At least seven hours are necessary…
Last night on my flight to Frankfurt I watched only one movie, The Intern, before falling asleep. Usually I manage a few more, but in my defence, it’s been a hectic week…The Intern was a nice, feel-good movie and I particularly loved the meeting of old school (De Niro) and new school (Hathaway). Although this has nothing to do with the film’s plot, the fact that a woman who sleeps less than six hours a night will gain weight more easily than one who sleeps for seven hours, was mentioned twice. Strange, but noted – at least seven hours are necessary.
Isn’t it also strange, that despite being at our most vulnerable when we are asleep, it is something we so easily fall into while on an airplane? This in spite of being in such a visible space, amongst hundreds of strangers, who could all be watching you?
Observe a baby sleep and it looks so sweet and angelic. Watch a young child slumbering and you see contentment and peace. A leading lady awakens from her rest, and she doesn’t open her eyes looking like she needs to run an iron over her face. And then there’s me… Waking up from my plane-sleep feeling like I’m emerging from a drug-induced coma, puffy eyes, dry mouth, and having to negotiate with my personality for a good half hour that now is not the time to disembark.
Can you imagine…hundreds of sleeping passengers, and then everyone wakes up? I guess last night on the flight from Johannesburg we were all in it together, and at least all the lights were out! But right now I’m on a short haul flight to London, and despite it being an eight am flight, again I find myself surrounded by sleepers?!
I of course am wide awake and cheerful, despite having pretty much walked from Africa this morning to catch this flight… Okay, so really it was only from Zone Z in Frankfurt Airport, to Zone B, but it sure felt like one great trek, plus a few security hurdles thrown in.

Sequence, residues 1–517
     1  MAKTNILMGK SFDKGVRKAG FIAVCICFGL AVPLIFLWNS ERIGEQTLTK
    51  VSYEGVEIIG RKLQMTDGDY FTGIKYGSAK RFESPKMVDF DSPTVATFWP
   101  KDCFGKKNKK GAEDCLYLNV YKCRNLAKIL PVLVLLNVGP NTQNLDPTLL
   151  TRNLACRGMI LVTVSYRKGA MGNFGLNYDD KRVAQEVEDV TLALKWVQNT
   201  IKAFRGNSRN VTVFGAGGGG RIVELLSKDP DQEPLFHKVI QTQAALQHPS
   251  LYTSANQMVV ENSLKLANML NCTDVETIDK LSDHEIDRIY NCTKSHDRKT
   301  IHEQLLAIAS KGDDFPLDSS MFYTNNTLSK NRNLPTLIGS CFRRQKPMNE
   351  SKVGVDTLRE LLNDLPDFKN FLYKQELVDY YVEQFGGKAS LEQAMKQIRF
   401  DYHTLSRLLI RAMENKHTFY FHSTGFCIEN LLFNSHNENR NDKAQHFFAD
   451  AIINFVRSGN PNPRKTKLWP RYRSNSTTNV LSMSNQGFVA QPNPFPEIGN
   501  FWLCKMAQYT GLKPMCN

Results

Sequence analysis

Clearly the people on this plane have not gotten their six or seven (depending on dietary goals) hours in, as wherever I look there are heads tilted back, mouths open; heads tilted forward, chin on chest; over there a head lolling to side lilt; and a chap up front doing the nod-nod-nod, loll-forward, whiplash-into-wake-up, and then look-surprised-to-be-here routine.
Obviously I also have two sleepers to my left, one of whom is snoring. To be honest, in the interest of observing the personal space rule, I’ve not yet established if Mr Window Seat or Miss Middle Seat is the culprit. They both have their heads thrown back, mouths open and are looking ever so peaceful, and ever so unaware. How is it possible that someone can look so peaceful, whilst making such a horrendous noise?
The gent sitting diagonally across from me looks back in disgust… I offer a smile, trying to connect in an ‘how awkward for them’ moment, and am gifted with a stoney glare. Ah yes, it’s Mr Miserable. I recognise him now. That’s the raging bull in the bright orange jacket that nearly wiped out the unassuming little Japanese lady while charging the boarding queue… perhaps he should be the one taking a nap? The Japanese lady doesn’t seem to be harbouring any grudges, as she too has succumbed two rows up, and it’s painfully obvious that the guy to my far right is also fighting a losing battle. On this flight we have even been graced with a grumpy purser, who clearly didn’t get his quota in. Goodness. I would have assumed if anyone on board should be gracious, it would’ve been him.
It suddenly dawns on me that it’s not entirely impossible that the attitude at altitude problem on LH900 may just be down to me, and that it’s highly probable that I find myself still shy of those seven required hours…
Yes, I think that may be a good idea. Would you please excuse me while I join the communal on-board pursuit and snatch a quick snooze too?1